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Euro to Dollar Week Ahead Outlook: New Ranges 1.05-1.15 by End 2024

February 18, 2024 - Written by John Cameron


BNP Paribas currency analysts expect the Euro to Dollar exchange rate (EUR/USD) to strengthen to 1.15 at the end of 2024.

Barclays, however, sees downside EUR/USD risks to their Q1 forecast of 1.05.

The major US data releases were mixed during the week with a stronger than expected readings for consumer and producer prices while there was weaker than retail sales data.

Inflation data had a bigger market impact on Treasuries and the dollar secured net gains, although EUR/USD was resilient with only minor losses to 1.0770.

Overall, market confidence in a near-term Fed rate cut continued to decline with the chances of a May cut dipping below 40%.

CIBC noted the stronger than expected consumer prices data; “Today's report reinforces our call that the Fed will be hold until the second half of 2024.”

The bank still expects the Fed will act if the economy weakens; “Progress on core inflation stalled today for the first time in over six months. The substantial progress on core inflation achieved in the second half of 2023 still sets the Fed up to be less willing to tolerate a material slowing of the economy.”

According to Goldman Sachs; “We continue to expect the FOMC to leave the Fed funds rate unchanged at the March meeting and to begin the easing cycle in May.”

HSBC considers that the shift in expectations is important. It added; “This reappraisal has long been a key part of our USD bullish view, aiding the currency both through higher yields and the hit to risk appetite.”

It added; “It may still have further to run, but the lion’s share of the rate adjustment is likely already done, taking EUR-USD, for example, closer to our forecast of 1.05. A material break below this level may need the conversation to change to whether cuts will be possible at all.”

Credit Agricole sees limited scope for further dollar gains; “We think that some positives are in the price of the USD, and with the currency having reached and even exceeded our targets for Q1, we maintain our neutral outlook on the currency.”

Danske Bank still expects the dollar will secure net gains; “We maintain the strategic case for a lower EUR/USD based on the relative terms of trade, real rates, and relative unit labour costs. Hence, we expect a downward trajectory over the course of the year. In the near term, we like to sell the cross on rallies.”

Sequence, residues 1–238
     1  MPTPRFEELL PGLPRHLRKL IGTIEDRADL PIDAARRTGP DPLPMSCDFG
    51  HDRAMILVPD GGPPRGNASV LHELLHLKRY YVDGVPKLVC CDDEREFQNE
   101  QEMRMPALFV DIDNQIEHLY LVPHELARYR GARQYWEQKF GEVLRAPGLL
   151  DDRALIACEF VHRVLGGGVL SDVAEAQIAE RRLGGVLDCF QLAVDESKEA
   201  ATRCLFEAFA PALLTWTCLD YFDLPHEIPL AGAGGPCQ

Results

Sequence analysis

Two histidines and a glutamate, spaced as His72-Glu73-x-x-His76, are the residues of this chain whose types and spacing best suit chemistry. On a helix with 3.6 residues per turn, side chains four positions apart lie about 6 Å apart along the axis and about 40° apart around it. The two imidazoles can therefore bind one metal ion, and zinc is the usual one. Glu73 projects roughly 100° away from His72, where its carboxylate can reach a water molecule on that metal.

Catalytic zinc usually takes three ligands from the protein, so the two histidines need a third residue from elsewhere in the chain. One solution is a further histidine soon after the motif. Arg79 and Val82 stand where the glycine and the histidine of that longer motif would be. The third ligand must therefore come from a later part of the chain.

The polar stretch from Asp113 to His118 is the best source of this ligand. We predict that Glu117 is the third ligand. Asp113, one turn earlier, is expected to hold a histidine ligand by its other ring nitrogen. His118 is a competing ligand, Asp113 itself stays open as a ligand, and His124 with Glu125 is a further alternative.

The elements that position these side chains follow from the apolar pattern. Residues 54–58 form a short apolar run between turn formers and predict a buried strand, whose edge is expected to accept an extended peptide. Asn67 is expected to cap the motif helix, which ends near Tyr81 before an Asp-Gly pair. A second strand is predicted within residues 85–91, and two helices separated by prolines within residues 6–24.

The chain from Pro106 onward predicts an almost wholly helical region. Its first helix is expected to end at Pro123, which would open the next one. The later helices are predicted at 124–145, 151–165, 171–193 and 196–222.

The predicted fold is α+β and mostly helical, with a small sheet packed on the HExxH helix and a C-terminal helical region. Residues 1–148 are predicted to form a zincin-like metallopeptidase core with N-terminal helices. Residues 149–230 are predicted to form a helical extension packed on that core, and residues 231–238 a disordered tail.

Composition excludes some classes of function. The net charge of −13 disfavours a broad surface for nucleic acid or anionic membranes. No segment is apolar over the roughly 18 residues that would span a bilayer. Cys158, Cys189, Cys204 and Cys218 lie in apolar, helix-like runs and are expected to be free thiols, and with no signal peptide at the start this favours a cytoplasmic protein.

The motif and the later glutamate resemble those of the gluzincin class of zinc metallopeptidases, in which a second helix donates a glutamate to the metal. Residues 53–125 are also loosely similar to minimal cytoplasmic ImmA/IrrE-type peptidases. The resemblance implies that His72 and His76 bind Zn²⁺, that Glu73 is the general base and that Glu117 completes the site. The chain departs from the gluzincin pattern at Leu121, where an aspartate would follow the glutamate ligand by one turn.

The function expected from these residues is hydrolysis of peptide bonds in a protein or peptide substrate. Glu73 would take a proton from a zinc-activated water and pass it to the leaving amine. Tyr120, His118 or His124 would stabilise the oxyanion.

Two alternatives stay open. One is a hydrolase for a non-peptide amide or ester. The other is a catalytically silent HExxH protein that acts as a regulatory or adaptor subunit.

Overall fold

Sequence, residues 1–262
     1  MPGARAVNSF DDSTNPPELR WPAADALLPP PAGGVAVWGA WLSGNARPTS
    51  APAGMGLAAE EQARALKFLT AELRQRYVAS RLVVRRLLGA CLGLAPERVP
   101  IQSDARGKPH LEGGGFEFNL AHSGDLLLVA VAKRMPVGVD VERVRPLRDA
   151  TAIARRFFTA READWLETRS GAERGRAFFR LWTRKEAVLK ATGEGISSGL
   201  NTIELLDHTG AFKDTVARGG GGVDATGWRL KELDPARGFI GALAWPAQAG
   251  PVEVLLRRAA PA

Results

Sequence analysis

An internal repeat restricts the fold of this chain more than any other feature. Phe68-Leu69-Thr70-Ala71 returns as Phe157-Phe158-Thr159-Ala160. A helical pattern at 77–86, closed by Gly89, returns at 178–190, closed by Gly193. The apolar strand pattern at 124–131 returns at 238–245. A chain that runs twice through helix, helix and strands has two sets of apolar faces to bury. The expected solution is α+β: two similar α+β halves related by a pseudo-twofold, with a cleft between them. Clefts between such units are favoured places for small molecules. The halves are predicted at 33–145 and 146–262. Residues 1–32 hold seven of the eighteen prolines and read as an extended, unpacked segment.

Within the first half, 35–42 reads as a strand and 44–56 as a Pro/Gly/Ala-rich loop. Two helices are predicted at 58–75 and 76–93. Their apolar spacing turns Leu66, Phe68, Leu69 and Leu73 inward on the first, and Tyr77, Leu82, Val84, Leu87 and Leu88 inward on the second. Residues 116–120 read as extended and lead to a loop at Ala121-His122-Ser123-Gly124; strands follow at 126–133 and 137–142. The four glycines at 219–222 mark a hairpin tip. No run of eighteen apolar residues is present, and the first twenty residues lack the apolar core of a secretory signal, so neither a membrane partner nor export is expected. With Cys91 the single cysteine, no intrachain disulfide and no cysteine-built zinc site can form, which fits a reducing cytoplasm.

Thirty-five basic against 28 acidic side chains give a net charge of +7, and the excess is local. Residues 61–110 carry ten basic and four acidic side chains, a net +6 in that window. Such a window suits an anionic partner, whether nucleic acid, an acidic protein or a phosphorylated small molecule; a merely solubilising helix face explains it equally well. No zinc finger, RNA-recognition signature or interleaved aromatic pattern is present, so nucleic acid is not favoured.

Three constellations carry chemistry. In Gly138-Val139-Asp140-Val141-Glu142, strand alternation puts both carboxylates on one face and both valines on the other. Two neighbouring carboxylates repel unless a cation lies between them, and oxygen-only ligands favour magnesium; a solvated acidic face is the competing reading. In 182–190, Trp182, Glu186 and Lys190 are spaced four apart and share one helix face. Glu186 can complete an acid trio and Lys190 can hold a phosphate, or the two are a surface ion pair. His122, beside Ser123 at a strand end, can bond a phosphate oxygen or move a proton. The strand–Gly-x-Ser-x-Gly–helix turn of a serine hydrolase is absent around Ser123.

Danske added; “Unless we see a notable turnaround in US data, we anticipate the USD to remain strong in the near term.”

HSBC looks at the US election and does not see a definitive argument for dollar moves. It noted; “our report also shows that the multiple channels of influence mean the election can impact the USD in various ways, ensuring it cannot be ignored, even if the takeaways from each element end up creating a mixed picture for the USD.”

SocGen questioned its expectations of a weaker dollar after stronger than inflation data and solid data; “It all screams ‘strong dollar’ and laughs in the face of FX forecasts – notably ours, which are the only ones I care about. Should we stick to our view that a very expensive dollar needs a daily diet of better-than-expected data just to keep it where it is, and will eventually fall, or should we just embrace American exceptionalism?”

It added; “If the US economy re-accelerates, the Fed will eventually have to tighten again and the dollar will rally, threatening that 2022 peak. A gossamer-soft landing won’t do much for the dollar but re-acceleration would.”

DXY can develop a more consistent day-to-day bullish grind, potentially fuelled by expectations for a hawkish March FOMC.

HSBC is still concerned over underlying Euro-Zone inflation; “This economic stagnation has not yet been enough to deliver sufficient confidence to policymakers that inflation will move back to target.”

The bank expects that the ECB will hold firm, but added; “It suggests that the policy squeeze on activity might need to be sustained to get inflation that last leg lower towards target. It is a growth-inflation mix that compares unfavourably with the one evident in the US, and will make any recovery in EUR-USD challenging.”

Barclays continues to fret over the global outlook; “More worryingly, global growth trends are not improving meaningfully either, whether via a coordinated stimulus effort by China, or a more endogenous recovery in ex-US growth momentum. It is therefore no surprise that push-back against market pricing of interest rate cuts by GC members has failed to lift the euro appreciably.

Westpac still expects a firm dollar tone and added; “EUR/USD risks retesting Oct 2023 lows in the 1.0450 area if USD strength persists.”
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